Dürer, Cranach, Holbein

The Discovery of Man: German Portraiture around 1500

16 September 2011 – 15 January 2012

This exhibition was held under the patronage of Federal President Christian Wulff.

In collaboration with the Kunsthistorisches Museum in Vienna, the Kunsthalle of the Hypo Cultural Foundation in Munich presented an exhibition on German portraiture around 1500. Around 170 outstanding artworks, including paintings by Albrecht Dürer (1471-1528), Lucas Cranach the Elder (1472-1553) and Hans Holbein the Younger (1497/98-1543), as well as formidable sculptures, medals, prints and drawings, demonstrated how individuals had become the focal point of artistic interest in the late fifteenth and early sixteenth centuries and how artists developed into explorers and inventors of humankind.

German Portraiture in comparison to italian and Netherlandish

The exhibition explored the artist’s view of man during the transition of the Late Middle Ages to the Early Modern Era in the German-speaking world. To date, early German portraiture had never been the exclusive subject of a large survey as the shadows of both Netherlandish and Italian counterparts had obscured the view of German contributions in this genre. Indeed, the Netherlandish artists may be credited for their naturalism that enabled the distinctive character of man’s depiction, whereas the tension between idealisation and likeness in Italian portraits defined the concept of beauty of an entire epoch, namely the Renaissance. Yet, German portraiture too, led by its greatest exponents Dürer, Cranach the Elder and Holbein the Younger, attained highly significant and fully fledged artistic achievements. Its particular strength lies in the authentic depiction of an individual, paired with the subtle psychological penetration of the sitter.

diversity of influences

The show dealed not only with early examinations of the individual in the fifteenth century but also with a whole range of likenesses of people in the dawning Renaissance. New approaches to research, which use schematic standardisations to interpret portraits on a socio-historical level, were taken into account as well as questions regarding cultural landscapes or the influential role of particularly outstanding artists that were central to the exhibition. Characteristic works of art also addressed individual and regional stylistic tendencies.

Furthermore, the selected portraits provided insight into Late Medieval and Early Modern society, as they confront us with people rendered explicitly in their social function. In addition to members of professional societies typical for the Early Modern Era, the exhibition also presented people that had not generally been deemed worthy of individual artistic representation, but who had only been perceived by contemporaries as anonymous groups, like members of the lower clergy, monks, farmers or craftsmen. Of particular interest was the analytical view as well as the ironic and sometimes even patronising approach.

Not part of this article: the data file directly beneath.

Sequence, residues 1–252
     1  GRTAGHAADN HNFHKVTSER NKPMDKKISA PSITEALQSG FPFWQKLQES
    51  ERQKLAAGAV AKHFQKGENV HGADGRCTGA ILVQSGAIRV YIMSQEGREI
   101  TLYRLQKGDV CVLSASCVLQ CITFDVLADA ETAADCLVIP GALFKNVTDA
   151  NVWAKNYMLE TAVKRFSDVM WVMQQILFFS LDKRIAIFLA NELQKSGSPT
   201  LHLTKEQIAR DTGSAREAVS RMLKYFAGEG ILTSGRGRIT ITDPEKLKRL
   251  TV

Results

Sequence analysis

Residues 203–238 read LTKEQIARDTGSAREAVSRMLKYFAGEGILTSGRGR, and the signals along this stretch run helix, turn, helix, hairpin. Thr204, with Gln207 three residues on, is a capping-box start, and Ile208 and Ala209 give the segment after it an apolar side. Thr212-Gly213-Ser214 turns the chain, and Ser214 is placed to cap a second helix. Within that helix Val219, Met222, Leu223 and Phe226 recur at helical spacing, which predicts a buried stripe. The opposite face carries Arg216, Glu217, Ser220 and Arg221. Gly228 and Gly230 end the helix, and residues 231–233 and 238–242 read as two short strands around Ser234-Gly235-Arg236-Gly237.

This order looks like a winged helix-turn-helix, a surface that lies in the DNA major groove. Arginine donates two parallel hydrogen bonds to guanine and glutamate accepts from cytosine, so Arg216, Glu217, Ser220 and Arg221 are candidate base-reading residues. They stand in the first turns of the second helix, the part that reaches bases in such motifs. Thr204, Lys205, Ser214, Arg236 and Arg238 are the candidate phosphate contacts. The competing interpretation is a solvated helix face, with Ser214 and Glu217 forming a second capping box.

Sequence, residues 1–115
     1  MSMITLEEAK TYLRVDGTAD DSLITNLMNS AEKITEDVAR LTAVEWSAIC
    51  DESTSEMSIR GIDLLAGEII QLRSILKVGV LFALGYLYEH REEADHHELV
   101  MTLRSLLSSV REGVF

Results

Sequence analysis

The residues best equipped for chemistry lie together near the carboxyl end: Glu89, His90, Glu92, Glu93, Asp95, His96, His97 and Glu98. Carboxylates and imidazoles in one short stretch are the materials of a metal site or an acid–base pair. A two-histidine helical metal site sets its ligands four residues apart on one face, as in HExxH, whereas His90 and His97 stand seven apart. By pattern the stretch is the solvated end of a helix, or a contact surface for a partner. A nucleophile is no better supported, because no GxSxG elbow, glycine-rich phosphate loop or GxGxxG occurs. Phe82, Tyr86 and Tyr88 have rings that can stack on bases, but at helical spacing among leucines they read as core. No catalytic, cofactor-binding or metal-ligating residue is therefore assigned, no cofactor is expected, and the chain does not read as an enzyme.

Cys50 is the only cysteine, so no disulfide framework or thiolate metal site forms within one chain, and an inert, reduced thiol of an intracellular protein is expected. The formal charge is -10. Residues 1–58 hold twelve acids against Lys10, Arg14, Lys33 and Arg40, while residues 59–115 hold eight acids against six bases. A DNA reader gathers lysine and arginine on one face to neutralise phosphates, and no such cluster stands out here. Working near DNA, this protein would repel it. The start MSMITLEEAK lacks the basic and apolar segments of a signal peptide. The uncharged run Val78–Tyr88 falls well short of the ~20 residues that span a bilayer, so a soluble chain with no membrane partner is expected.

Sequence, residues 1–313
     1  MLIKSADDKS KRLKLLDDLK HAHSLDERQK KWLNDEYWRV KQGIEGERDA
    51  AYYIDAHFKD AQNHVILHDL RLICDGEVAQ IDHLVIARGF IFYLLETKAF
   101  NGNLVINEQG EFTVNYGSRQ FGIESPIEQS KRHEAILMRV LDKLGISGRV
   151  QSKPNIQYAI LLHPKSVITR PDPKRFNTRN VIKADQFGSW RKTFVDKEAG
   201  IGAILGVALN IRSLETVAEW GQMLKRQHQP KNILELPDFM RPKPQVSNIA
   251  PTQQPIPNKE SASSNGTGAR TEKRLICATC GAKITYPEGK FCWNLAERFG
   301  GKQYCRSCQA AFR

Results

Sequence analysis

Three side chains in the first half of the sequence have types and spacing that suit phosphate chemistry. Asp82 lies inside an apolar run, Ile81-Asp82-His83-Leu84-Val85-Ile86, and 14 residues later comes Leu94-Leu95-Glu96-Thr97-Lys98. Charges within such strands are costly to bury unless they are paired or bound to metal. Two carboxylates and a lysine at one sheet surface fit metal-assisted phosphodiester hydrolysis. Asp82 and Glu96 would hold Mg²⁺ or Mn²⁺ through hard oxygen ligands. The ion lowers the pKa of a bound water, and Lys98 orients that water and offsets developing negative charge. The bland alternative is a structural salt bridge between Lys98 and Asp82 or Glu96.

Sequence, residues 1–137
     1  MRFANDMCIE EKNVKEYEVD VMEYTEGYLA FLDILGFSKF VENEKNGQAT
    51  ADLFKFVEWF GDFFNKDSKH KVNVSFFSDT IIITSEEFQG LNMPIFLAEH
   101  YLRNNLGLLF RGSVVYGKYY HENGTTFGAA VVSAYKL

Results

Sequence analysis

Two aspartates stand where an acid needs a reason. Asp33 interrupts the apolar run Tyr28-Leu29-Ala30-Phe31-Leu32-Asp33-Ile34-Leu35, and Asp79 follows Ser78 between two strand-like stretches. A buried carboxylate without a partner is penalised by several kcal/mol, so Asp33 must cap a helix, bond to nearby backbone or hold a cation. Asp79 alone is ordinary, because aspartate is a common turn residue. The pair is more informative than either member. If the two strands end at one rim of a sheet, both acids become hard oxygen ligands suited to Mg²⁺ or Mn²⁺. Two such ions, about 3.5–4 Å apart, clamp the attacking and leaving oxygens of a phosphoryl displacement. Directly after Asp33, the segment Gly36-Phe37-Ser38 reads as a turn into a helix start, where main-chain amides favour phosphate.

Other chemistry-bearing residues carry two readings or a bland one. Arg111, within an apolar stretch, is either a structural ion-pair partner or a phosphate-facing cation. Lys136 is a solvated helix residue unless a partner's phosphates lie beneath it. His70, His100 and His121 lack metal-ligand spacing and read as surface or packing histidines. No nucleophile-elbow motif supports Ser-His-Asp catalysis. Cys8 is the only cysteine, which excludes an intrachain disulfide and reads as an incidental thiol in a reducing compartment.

This show presented outstanding works by the greatest artists of their time, demonstrating the contemporary artistic notion of the various genera dicendi of art, in other words, the three basic rhetoric principles: the sublime and distinguished, as personified by Dürer; the simple and unadorned, espoused by Cranach; and finally Holbein’s hitherto unattained interpretation of rendering reality, space and body in such a lifelike manner that they appear tangible – in short, three mutually enriching concepts that to this day have influenced our view of early German art.

The exhibition was a collaboration between the two participating venues. Thus, the Picture Gallery of the Kunsthistorisches Museum in Vienna contributed important paintings from its collection, enhanced by works from the Kunstkammer and other museum departments. This ensemble was supplemented by formidable works borrowed from European and American collections, presenting the visitor with a unique survey of early German portraiture.

The exhibition was curated by Karl Schütz, former director of the Picture Gallery at the Kunsthistorisches Museum in Vienna and Christof Metzger (KHM), as well as Christiane Lange and Roger Diederen from the Kunsthalle of the Hypo Cultural Foundation. A comprehensive, fully illustrated, German-language catalogue was published by Hirmer Verlag in Munich. It includes essays by well-known scholars as well as descriptions of all the works exhibited.

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